Dear President Obama..I cast my vote for UNIVERSAL HEALTH CARE, Single Payer and Not For Profit

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Dear President Obama, 
     I am one of the 46 million uninsured Americans in this country. I am a school art teacher, an artist and a mother of two toddlers who simply cannot afford the exorbitant monthly health insurance rates. Please have the courage to consider a true a long look at a single player, not for profit Universal Health Care.I strongly feel that doctors, nurses, and medical professionals must run our health care system -- not "for-profit" insurance companies, who make money and get rich by denying us all health care. What do they know about health anyway?  Health care is a right all Americans deserve.  

If we ever wish to restore our super power status we cannot be the only modern country to allows 18,000 of its citizens to die each year simply due to lack of insurance. That is an unforgivable loss for a leading nation. 

I look forward to supporting your efforts and wish you and your wonderful family the best 8 years. 

   Miriam Cutelis

I urge you to send President Obama your ideas as well. be counted! 
Go to 
It's That Easy!

Source information below taken from http://www2.kucinich.us/issues/universalhealth.php

The following Universal Health Plan was submitted by Kucinich in 2006.  

Michael Moore who made the movie Sicko, supported HR 676 (the plan)  

The plan covers all health care needs, including dental care, mental health care, vision care, prescription drugs, and long-term care - at NO extra cost!

Kucinich's plan, HR 676, is supported by 78 Members of Congress , more than 260 Union Locals , and 14,000 physicians and is endorsed by the New Hampshire House of Representatives.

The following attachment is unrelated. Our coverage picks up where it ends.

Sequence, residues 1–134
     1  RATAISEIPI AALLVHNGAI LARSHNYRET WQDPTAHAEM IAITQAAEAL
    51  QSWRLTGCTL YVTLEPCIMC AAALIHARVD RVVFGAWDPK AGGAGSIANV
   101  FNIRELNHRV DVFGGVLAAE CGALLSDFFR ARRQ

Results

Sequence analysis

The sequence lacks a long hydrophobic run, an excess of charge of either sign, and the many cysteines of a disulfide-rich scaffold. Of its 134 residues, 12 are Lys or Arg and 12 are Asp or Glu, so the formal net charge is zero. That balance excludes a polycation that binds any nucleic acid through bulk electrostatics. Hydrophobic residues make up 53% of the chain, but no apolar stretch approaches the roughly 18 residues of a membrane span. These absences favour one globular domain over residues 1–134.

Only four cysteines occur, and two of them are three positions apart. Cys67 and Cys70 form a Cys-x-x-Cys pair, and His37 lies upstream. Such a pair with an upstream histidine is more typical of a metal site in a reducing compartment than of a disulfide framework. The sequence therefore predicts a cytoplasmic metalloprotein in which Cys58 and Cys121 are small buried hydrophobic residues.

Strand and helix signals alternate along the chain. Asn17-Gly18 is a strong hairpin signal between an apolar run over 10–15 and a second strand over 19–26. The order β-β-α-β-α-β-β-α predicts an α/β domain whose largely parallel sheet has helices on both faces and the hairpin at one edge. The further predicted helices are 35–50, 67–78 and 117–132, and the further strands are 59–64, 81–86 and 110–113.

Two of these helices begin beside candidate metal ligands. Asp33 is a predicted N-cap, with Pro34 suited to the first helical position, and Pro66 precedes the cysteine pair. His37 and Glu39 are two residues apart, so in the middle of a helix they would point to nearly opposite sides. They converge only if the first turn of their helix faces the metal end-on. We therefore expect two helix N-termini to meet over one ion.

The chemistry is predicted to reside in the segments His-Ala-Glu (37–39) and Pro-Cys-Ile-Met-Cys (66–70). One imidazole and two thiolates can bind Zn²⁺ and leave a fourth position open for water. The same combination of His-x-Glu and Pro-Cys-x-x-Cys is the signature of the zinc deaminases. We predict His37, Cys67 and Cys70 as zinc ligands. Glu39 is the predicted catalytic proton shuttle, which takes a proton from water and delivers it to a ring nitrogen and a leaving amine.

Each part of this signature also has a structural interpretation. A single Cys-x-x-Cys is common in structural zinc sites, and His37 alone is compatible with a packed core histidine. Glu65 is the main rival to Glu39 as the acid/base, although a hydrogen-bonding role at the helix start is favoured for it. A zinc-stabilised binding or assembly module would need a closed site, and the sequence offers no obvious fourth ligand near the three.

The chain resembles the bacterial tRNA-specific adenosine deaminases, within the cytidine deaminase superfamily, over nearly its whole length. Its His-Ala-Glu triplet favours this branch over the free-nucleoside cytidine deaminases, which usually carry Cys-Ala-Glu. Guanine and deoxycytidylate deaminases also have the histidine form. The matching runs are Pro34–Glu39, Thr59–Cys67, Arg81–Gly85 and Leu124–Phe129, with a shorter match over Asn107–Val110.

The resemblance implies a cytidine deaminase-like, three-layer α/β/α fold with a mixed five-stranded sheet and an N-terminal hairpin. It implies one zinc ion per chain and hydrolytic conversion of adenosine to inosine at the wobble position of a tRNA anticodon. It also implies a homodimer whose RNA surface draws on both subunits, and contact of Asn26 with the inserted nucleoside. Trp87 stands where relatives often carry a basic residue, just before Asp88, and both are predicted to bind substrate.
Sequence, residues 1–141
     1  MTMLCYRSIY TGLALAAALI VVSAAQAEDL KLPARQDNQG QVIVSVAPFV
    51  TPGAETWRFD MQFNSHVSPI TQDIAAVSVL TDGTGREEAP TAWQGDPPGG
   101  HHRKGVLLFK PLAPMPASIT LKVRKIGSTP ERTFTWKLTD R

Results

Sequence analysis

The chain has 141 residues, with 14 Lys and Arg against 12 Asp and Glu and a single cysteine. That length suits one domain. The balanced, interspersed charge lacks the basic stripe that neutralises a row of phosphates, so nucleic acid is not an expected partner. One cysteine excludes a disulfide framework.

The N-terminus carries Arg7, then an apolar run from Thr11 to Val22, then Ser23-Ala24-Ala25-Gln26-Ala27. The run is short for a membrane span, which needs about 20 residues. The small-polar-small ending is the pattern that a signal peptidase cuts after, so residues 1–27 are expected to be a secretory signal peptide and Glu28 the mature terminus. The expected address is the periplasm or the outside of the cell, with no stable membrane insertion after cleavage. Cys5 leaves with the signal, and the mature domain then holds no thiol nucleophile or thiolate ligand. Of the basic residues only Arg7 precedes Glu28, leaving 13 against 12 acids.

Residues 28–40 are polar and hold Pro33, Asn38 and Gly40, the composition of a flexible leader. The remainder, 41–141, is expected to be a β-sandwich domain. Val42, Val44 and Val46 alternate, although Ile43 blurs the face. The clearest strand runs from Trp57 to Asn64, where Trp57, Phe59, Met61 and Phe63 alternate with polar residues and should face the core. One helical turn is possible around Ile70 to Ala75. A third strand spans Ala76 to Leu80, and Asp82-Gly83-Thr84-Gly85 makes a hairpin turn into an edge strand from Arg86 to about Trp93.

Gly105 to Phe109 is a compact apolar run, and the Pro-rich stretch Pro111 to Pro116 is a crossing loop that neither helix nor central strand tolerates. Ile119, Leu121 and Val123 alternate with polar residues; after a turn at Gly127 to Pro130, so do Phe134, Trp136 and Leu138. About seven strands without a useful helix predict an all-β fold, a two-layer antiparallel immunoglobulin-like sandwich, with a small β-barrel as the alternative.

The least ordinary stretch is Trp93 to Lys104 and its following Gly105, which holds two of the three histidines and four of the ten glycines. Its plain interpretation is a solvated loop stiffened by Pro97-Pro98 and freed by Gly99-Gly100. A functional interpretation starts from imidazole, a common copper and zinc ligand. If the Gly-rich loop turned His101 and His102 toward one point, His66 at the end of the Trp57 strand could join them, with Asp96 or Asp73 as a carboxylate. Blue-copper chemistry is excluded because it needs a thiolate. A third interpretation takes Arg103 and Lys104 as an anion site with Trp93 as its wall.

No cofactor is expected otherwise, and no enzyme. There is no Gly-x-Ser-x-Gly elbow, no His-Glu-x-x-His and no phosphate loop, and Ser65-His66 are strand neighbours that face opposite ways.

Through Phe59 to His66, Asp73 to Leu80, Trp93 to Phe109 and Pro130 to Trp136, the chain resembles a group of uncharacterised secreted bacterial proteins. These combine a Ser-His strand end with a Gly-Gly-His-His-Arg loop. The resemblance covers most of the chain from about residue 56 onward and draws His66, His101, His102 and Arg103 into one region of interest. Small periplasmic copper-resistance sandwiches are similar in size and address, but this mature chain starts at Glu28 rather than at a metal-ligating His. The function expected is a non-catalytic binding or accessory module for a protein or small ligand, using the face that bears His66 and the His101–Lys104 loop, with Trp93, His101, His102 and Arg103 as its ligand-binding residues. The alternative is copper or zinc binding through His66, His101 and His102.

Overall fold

Nearly 46 million Americans have no health care and over 40 million more have only minimal coverage. In 2005 some 41% of moderate and middle income Americans went without health care for part of the year. Even more shocking is that 53% of those earning less than $20,000 went without insurance for all of 2005. In fact, the National Academy of Science's Institute of Medicine estimates that
18,000 Americans die each year because they have no health insurance.

The American health system is quite sick. Pulitzer Prize journalists Donald Barlett and James Steele, in their stunning analysis of the health care industry, Critical Condition (2006 Broadway Books), insist that "... U.S. health care is second-rate at the start of the twenty-first century and destined to get a lot worse and much more expensive." Consider the following facts from Tom Daschle's article for the Center for American Progress: "Paying More but Getting Less: Myths and the Global Case for U.S. Health Reform":

Fact of Fiction?
Americans are The Healthiest People in the World.
FACT: Citizens of 34 nations live longer than Americans.

The U.S. is the Best Place to Get Sick.

FACT: The World Health Organization ranked the U.S. 37th in the world for health system performance. Countries like Australia and the United Kingdom rank above the U.S. Americans have lower odds of surviving colorectal cancer and childhood leukemia than Canadians who do have national health care. Americans also experience greater problems in coordination of care than the previously mentioned countries and New Zealand.

Covering All Americans Will Lead to Rationing.